I arrive early at the hospital unit, half an hour early. I’d taken the train, walked to the offices, worrying I’d be late. The building was nondescript, a bungalow amidst other bungalows. There’s a security intercom. I buzz, give my name, and the door clicks open.
There is no one about when I get inside. Three empty plastic chairs, the sort of chairs you get in secondary school classrooms, are in the hall. I sit nearest the door, take out a book, wait to be seen, conscious of the clock on the wall opposite. I hear every movement of the second hand.
After a few minutes people walk past, carrying bags or files. There are nods, murmurs. I read the same sentence three times. Awkward. Not going in. Names merging one into another. I turn back to the start of the chapter.
And I hear every movement of the second hand.
Someone else comes in, a woman, younger than me, brown haired. She smiles. I mouth a hello. She is seen within minutes, leaves about ten minutes later.
Every movement of the second hand.
Then my name.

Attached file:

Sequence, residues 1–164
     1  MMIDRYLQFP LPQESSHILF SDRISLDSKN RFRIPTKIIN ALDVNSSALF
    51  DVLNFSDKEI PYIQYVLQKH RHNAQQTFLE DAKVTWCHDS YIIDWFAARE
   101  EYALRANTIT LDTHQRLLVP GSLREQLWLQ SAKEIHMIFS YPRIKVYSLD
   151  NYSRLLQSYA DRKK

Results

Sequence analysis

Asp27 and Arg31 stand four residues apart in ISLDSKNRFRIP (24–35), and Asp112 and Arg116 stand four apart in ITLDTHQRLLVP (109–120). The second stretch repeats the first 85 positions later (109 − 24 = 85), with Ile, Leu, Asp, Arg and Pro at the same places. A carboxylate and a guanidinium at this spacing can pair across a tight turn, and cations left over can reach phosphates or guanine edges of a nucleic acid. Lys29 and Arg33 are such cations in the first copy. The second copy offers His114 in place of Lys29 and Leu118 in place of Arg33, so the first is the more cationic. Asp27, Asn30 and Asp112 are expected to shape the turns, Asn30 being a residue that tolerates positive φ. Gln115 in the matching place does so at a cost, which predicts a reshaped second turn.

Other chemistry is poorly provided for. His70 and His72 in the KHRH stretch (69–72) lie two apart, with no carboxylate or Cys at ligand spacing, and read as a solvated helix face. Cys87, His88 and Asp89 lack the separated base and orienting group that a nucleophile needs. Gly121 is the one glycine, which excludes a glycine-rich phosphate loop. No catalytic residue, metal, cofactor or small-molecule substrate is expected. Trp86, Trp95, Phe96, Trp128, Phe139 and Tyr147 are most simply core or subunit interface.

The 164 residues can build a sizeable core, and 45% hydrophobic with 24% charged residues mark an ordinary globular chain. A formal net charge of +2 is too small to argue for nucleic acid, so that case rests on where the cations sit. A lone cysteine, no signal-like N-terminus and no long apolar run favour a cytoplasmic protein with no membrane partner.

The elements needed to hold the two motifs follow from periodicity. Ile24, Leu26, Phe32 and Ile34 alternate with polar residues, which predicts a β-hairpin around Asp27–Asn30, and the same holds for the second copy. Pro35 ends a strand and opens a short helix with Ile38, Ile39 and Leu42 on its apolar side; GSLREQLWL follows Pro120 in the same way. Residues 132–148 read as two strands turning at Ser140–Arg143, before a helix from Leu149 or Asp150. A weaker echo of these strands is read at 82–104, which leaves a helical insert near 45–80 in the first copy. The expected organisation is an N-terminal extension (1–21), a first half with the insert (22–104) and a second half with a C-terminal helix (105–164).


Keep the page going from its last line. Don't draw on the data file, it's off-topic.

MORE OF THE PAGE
– Hi, would you like to come through now?
Her office is large, computer on her desk, next to the keyboard an A4 notepad, narrow feint. Her chair is set at a height that looks uncomfortable. She perches. Fidgets in between writing notes.
I sit in a chair with is back to the window. I cross my legs, tuck my foot behind my calf, and fold arms.
She looks. Makes a note
– I have the referral from your GP here. It was
She looks at the letter clipped in the file.
– ah. Ten months. Oh. I’m sorry there’s been such a delay. We’ve had, mmm, staffing issues. Some retirements. Lack of legacy planning. You know?
I nod. I know. It’s familiar. Such things happen across offices, across sectors.
– Are you off at the moment?
– Three weeks past. I’d kept going and kept going but I was struggling. Things that had been fine became difficult.
She makes a note.
She looks at me. I glance to the door, edge down in the chair, arms folded tighter.
– We can go through the things your doctor, Doctor
She looks at the letter clipped in the file, reads the name aloud.
– We can go through the things he identified. Of course with the time some things might have. Anyway, I can ask you questions or you can talk, tell me in your own words how things are, how you got to here. We’ll cover everything either way, so it’s for you really. Which do you?
Which do I?
– I’ve been in counselling for around twelve sessions. Could I?
She writes a note, gestures.
– It started last year. I was on a train. The GP described it. Well, it seemed too dramatic. I thought it was too dramatic. Too strong. But as it’s gone on, I think he was maybe right. Maybe it was. But the word suggested something explosive, a bang.